War of the Rebellion: Serial 072 Page 0140 THE ATLANTA CAMPAIGN. Chapter L.

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p. m. and encamped for the night, picketing strongly the roads leading from Buzzard Roost and Dalton, as well as the approaches from the direction of Villanow. General Kilpatrick's division of cavalry took post at or near Gordon's Spring to be in readiness to establish communication with the Army of the Tennessee, which was expected at Villanow on the 8th.

On the morning of the 8th Harker's brigade, of Newton's division, Howard's corps, was pushed along the crest of Rocky Face Ridge to within half a mile of the rebels' signal station, where it came upon obstructions of too formidable character to admit of farther progress, except with very severe loss; it was instructed to hold the position. Wood's division, of the Fourth Corps; Davis' division, of the Fourteenth Corps, and Butterfield's division, of the Twentieth Corps, then pushed forward a line of skirmishers and drove the enemy to his intrenchments, our men occupying the mouth of Buzzard Roost. Geary's division, of the Twentieth Corps, made a reconnaissance well up the side of Chattoogata Mountain (a high and precipitous ridge running due south from Buzzard Roost). Geary's men fought their way well up to the enemy's intrenchments on the crest, but will considerable loss and without being able to gain possession of Mill Gap. The troops were then withdrawn to a position in the valley out of reach of the enemy's guns; Kilpatrick's communicated with General McPherson's command at Villanow, and then returned to Trickum. Brigadier General Ed. McCook was ordered to concentrate his cavalry division and take post on the left of General Schofield until General Stoneman's cavalry could arrive and relieve him. From a prisoner captured at Buzzard Roost we learned that the force defending the passage of the gap amounted to 11,000 men, comprising Stewart's and Bate's divisions, being supported by Hindman's and Stevenson's divisions, numbering 10,000 more. They had considerable artillery, but none heavier than 10-pounder caliber. The enemy was fortifying all night of the 7th and had masked batteries at points all through the pass. Heavy skirmishing was kept up along the whole line during the 9th and 10th with considerable loss in wounded, and but few killed.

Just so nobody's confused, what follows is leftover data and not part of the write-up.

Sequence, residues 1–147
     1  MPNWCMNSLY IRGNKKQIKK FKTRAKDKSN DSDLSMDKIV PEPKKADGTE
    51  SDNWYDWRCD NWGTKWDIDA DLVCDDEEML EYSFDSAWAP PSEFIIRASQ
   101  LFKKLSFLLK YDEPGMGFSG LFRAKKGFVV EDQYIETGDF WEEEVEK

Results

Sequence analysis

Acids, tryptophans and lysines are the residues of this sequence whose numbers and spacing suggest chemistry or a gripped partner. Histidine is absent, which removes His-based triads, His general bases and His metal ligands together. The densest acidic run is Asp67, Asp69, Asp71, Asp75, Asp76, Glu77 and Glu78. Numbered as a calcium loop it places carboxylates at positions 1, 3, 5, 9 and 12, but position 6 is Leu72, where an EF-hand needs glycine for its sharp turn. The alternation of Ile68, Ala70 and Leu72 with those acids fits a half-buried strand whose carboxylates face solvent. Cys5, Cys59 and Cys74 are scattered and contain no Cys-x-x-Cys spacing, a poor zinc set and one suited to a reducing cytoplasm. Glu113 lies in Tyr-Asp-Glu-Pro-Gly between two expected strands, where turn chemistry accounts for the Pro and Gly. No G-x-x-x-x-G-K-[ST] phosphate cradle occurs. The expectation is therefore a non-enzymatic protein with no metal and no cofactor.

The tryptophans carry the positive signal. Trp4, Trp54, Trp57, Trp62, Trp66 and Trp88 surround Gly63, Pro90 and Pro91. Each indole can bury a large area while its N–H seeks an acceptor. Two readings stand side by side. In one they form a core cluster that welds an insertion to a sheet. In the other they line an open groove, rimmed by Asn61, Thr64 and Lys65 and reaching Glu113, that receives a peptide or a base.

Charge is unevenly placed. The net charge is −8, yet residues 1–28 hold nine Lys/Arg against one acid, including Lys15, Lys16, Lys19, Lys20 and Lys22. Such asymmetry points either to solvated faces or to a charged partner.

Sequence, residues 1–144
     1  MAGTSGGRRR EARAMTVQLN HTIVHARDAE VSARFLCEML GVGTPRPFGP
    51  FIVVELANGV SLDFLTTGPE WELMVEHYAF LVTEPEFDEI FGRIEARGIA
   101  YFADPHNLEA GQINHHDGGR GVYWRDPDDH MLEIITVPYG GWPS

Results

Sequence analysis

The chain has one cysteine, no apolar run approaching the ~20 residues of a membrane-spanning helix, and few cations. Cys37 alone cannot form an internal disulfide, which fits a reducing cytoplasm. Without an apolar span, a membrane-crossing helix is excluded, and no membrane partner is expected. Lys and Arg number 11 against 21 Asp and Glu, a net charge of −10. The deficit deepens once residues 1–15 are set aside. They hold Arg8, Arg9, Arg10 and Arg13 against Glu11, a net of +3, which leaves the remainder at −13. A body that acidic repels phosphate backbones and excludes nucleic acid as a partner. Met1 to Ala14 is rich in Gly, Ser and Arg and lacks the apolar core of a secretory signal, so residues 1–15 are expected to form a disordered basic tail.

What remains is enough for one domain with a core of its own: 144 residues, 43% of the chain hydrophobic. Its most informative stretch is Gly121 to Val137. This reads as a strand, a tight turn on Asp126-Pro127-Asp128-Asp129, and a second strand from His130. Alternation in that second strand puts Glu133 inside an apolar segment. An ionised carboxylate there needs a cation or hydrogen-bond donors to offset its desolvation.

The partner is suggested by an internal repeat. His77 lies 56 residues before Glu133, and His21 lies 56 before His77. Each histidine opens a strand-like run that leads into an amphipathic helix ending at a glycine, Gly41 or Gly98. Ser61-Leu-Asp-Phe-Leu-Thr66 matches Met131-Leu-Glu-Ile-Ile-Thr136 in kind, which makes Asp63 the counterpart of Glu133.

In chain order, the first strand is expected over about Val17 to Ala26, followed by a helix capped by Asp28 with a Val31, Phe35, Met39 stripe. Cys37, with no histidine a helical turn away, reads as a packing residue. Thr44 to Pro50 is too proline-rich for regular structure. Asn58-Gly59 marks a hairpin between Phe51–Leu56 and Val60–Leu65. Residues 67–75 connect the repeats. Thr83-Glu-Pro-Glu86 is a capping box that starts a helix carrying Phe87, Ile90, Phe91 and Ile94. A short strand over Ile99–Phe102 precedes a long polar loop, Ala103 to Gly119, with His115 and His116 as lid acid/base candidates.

General Hooker was directed on the 10th to send one division from his command to the support of General McPherson at Snake Creek Gap, to enable the latter to operate more freely from anger to his rear. Kilpatrick's cavalry was also ordered to report to General McPherson. McCook's division of cavalry, posted on the left of General Schofield's command, had a heavy skirmish with three brigades the enemy's cavalry on the road leading to Varnell's Station, resulting in our driving the rebels to their intrenchments on Poplar Creek Hill, where they opened on McCook's troops with two pieces of artillery. Our loss was 136 men and 15 officers killed, wounded, and missing; among the latter Colonel La Grande, of the First Wisconsin, who was captured. The enemy's loss was greater than ours. General Hooker was directed to send another division from his command to Snake Creek Gap, with instructions to repair the road through the gap so as to facilitate the passage of infantry and wagons.

On the 111th it was decided to leave one corps (Howard's), supported by Stoneman's and McCook's divisions of cavalry, and move to Snake Creek Gap with the balance of the army, attacking the enemy in force from that quarter, while Howard was keeping p the impression of a direct attack on Buzzard Roost. This move-